What it means behind the mystique is the idea that we want our code to express our intent to other programmers (and even ourselves) rather than just telling the machine what to do. Basically we want to write in a language directed at humans rather than microprocessors, and of course we want that without any extra cost. We want to have our cake and eat it and C++ let us do just that.

In C, efficiency required to write very low level code. You wrote that while the last pointer was greater than the first, you copied the value pointed by first into a tmp variable, then copied the memory pointed by last into the memory pointed by first, then copied the value from tmp to the memory pointed by last, then incremented first, decremented last, and looped again. In C++ you’d just call std::reverse(). At no cost.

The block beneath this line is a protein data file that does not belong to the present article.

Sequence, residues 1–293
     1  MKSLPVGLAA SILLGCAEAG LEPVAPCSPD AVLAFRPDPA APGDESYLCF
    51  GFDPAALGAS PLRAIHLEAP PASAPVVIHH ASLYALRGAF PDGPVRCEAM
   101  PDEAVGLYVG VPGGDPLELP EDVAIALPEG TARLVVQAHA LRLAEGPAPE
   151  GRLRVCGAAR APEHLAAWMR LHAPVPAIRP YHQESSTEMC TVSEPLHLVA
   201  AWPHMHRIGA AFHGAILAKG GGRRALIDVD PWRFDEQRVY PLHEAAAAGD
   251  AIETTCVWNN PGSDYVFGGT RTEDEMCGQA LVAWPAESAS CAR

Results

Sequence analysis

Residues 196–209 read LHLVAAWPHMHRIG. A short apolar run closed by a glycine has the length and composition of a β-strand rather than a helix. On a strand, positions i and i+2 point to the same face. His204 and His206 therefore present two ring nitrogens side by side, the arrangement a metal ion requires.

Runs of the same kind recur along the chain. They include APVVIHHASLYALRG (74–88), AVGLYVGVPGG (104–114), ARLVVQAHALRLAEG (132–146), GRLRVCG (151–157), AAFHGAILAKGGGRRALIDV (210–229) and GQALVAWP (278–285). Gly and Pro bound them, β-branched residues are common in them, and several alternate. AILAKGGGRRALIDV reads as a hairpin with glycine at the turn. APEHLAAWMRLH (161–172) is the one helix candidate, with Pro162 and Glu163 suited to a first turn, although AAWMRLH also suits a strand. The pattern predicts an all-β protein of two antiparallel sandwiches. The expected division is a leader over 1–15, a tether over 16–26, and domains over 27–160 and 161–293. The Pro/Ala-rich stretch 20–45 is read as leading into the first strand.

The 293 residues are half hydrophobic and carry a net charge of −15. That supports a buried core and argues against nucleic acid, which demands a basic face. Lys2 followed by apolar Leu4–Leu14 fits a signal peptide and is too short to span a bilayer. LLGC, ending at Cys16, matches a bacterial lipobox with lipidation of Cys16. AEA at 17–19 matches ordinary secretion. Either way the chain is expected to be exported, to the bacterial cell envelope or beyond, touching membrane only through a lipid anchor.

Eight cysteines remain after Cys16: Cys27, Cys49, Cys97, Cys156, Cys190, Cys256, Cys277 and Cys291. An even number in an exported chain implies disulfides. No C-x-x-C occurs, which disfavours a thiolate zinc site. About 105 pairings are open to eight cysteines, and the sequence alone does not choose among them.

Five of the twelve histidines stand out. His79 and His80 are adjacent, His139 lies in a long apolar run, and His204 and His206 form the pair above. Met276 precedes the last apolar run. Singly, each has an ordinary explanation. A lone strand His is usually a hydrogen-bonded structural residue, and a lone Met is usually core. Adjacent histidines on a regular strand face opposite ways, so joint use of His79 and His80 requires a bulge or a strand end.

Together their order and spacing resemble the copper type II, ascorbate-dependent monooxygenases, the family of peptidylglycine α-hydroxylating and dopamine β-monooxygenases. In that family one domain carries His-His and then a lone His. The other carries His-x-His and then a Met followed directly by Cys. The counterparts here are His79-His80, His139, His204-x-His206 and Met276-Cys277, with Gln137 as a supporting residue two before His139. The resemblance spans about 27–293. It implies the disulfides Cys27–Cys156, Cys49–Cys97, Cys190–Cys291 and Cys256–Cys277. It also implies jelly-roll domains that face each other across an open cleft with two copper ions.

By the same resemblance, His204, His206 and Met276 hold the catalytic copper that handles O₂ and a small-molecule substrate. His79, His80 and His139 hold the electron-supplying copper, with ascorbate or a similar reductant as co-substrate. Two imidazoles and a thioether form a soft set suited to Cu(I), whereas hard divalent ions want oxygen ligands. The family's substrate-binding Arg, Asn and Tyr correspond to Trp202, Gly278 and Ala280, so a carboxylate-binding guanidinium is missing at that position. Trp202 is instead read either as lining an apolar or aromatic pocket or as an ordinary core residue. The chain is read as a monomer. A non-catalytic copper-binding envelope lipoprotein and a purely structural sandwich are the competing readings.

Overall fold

All this is achieved through C++ concepts that aren’t new. Classes and methods allow the compiler to see “inside” your objects and their associated function calls to be able to perform most trivial operations (construct, destruct, copy, swap, access members) inline. Templates enable you to write generic algorithms that will perform great for any type you use. SFINAE and traits will allow programmers to offer more specialized versions of a given algorithm if some properties are present (for example taking advantage of the fact that arrays and vectors offer O(1) random access).

A great talk on the matter is Jason Turner demonstrating how to write Pong for Commodore 64 in C++ at CppCon 2016.

About constexprs and lambdas